Best plug in hybrid for nimble practicality

Official fuel economy 91.1mpg CO2 56g/kg
Latest Countryman PHEV deals from £25,850
Finance from £354 per month

The Mini Countryman promises the image and driving appeal of the brand's smaller cars, with the practicality of a larger car, for families who need more room. On the whole it's a success, even though you'll have to accept a few jolts over potholes, as a firm ride helps to create the sporty and responsive feel in corners.

This "grown-up" Mini should appeal to the head, with an efficient plug-in hybrid system, and a 20 mile electric-only range does make sense for many users.

However, business users may take a different view. Early models had CO2 emissions just putting them into the lowest company car tax bracket. However, the current version of the car - subject to the latest emissions tests - has had an official CO2 figure of 56g/km since 2018. This puts it one bracket higher, increasing your tax bill if you're a business user. Used models are still classed in the lowest category, though.
Mini Countryman buying guide

 

6. Volvo XC90 T8

Best plug-in hybrid for seven seats

Official fuel economy 134.5mpg CO2 56g/km
Latest Volvo XC90 T8 deals from £57,000
Finance from £783 per month

The XC90 is the largest car in the Volvo range, and comes in seven seat configuration with all of the latest safety tech and semi-autonomous driving technology.

It also uses three driving modes that allow you to switch between electric, petrol, or a combination of the two. It won’t go far in pure electric mode (around 12-24 miles) but using both sources of power it can either be economical or punchy. The latest models, tested to new emissions standards, don't quite make it into the lowest tax bracket, though.
Volvo XC90 buying guide

 

7. Volkswagen Passat GTE Estate

Best plug in hybrid for practicality

Official fuel economy 156mpg CO2 39g/km
 

The Volkswagen Passat GTE competes against the diesels in a similar manner to the 330e above. It’s a busy market, and it’s up against very economical cars.

And the Passat GTE handles it with aplomb. It’s as well-sorted and as dependable as the regular Passat, but it boasts low CO2 figures of 39g/km. In estate form, the boot is 483-litres big, which is sizeable. However, the batteries do steal some boot space, as regular non-hybrid Passat Estates boots are 650 litres by comparison.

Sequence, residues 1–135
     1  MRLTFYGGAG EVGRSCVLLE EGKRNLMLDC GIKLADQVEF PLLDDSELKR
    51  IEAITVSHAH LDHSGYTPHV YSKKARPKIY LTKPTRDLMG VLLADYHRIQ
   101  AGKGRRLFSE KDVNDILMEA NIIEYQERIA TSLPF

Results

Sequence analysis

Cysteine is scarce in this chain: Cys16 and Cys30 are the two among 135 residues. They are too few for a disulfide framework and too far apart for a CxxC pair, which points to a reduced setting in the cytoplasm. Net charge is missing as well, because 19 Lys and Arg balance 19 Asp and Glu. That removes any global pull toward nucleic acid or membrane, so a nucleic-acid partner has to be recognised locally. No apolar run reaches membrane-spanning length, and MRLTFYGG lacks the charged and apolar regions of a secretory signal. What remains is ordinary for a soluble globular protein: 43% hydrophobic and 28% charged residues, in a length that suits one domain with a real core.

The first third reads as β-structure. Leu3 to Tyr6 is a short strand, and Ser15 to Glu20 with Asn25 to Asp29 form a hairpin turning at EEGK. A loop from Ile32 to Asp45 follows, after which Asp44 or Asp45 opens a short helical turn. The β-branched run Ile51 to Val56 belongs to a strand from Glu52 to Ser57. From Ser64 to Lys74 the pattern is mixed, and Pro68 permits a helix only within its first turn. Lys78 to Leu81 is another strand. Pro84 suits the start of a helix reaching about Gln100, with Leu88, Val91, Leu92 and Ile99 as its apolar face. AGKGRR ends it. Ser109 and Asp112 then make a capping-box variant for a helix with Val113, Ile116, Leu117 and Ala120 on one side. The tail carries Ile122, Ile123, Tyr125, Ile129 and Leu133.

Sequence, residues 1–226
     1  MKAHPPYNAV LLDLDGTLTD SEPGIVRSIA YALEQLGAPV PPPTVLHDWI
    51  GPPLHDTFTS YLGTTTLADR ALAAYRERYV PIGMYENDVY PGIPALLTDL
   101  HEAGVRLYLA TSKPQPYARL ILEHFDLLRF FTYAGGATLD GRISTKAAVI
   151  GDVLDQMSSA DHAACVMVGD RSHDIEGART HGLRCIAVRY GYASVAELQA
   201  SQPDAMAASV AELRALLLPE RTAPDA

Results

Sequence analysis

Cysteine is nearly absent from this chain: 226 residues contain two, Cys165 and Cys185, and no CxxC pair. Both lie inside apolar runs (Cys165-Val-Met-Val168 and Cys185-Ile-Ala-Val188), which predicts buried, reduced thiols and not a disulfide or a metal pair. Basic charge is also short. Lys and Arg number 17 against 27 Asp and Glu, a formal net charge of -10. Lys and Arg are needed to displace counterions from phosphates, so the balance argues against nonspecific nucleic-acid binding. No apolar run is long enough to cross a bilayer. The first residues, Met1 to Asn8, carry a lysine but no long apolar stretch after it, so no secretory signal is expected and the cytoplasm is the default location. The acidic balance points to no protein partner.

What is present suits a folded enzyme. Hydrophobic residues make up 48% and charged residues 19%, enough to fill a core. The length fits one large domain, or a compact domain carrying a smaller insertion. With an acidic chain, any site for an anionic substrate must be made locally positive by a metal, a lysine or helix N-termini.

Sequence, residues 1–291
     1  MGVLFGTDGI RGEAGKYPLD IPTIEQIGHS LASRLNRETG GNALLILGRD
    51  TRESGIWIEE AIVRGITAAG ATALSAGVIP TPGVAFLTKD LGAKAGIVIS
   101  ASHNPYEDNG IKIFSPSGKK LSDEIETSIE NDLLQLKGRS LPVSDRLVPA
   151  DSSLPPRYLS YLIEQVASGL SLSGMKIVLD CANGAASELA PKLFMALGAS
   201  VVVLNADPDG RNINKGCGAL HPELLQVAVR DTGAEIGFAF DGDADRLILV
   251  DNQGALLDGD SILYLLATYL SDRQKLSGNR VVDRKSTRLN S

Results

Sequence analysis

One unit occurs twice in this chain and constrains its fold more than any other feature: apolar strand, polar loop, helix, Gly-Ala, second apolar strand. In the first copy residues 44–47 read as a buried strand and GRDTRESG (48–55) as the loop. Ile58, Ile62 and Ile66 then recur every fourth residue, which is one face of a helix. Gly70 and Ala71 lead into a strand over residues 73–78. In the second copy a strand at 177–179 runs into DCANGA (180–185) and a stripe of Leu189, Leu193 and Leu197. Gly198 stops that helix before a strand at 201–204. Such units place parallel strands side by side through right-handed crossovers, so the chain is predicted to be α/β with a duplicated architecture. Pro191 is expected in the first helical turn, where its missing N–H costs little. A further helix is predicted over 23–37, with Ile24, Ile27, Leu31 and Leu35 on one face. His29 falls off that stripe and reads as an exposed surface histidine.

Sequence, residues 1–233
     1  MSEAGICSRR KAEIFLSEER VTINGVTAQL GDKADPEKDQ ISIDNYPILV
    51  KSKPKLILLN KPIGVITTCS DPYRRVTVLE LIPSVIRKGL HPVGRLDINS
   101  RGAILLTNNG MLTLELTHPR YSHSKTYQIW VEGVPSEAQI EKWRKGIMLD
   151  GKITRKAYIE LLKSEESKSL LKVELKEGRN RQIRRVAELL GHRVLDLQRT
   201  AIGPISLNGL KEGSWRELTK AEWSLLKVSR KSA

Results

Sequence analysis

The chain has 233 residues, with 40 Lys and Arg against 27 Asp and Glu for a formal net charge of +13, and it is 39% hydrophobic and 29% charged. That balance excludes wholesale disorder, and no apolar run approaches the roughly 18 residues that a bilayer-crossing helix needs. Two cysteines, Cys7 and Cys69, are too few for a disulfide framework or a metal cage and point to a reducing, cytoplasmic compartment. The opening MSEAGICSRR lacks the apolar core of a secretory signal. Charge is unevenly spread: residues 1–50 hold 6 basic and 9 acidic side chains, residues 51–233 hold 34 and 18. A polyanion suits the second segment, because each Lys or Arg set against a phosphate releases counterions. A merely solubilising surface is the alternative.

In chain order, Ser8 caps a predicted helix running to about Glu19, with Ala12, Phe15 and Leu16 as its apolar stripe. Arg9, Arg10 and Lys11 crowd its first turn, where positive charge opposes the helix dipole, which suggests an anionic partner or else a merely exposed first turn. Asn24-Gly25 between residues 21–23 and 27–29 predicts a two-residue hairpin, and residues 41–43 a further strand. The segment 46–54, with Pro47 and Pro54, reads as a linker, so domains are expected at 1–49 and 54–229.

Volkswagen Passat buying guide

 

8. Range Rover PHEV

Best plug-in hybrid for luxury

Official fuel economy 85.1mpg CO2 72g/km

There’s not much out there this side of a Rolls-Royce that will out-luxury a Range Rover - and now it’s available with a plug-in hybrid variation too.

It’s powered by a 2.0-litre petrol engine making 300hp, which is used in conjunction with a 116hp electric motor. This certainly makes it powerful enough to haul the Range Rover’s plushly upholstered interior around, and it’ll get from 0-60mph in 6.4second. There’s a theoretical electric-only range of 31 miles too - certainly enough to get from Chelsea to wherever else in central London someone in a Range Rover might want to go.
Range Rover buying guide

 

9. BMW i8

Best plug in hybrid for speed

Official fuel economy 134.5mpg CO2 49g/km
Latest BMW i8 deals from £48,000
Finance from £623 per month

It’s definitely striking. And it causes as much hubbub on a high street as a spaceship. It also looks, and sounds a bit like one. But it’s a proper hybrid plug-in too.

It claims to do 134.5mpg (but expect more like 40mpg) plus low CO2 levels of 49g/km. It’ll even do around 34 miles on pure electricity if you’re light-footed enough. At more than £110k, it’s not the cheapest on this list, but it is the fastest. A three cylinder turbo petrol engine makes 228hp, which is then combined with a 141hp of electric motor, which propels the i8 to 62mph in 4.4 seconds.

 

10. Audi A3 e-Tron

Best plug in hybrid for grown up interiors

Official fuel economy 166mpg CO2 38g/kg
Latest Audi A3 e-tron deals from £16,500
Finance from £210 per month

The Audi A3 Sportback e-Tron offers low-running costs associated with hybrids with the usual refinements you’d expect from an Audi.

You’ll get up to 29 miles on electric power alone, which will be enough for quite a lot of business users' commute. This car is mostly aimed at the business user - and they will find lots to like. Or most importantly, they’ll struggle to find anything different in here at all when compared to a petrol or diesel powered A3. There aren’t any huge show-off pieces alerting others to the fact you drive a hybrid - something many will appreciate. It’s powered by electric motors and a 1.4-litre petrol engine, and it has a six-speed automatic gearbox too. Very Audi indeed.
Audi A3 buying guide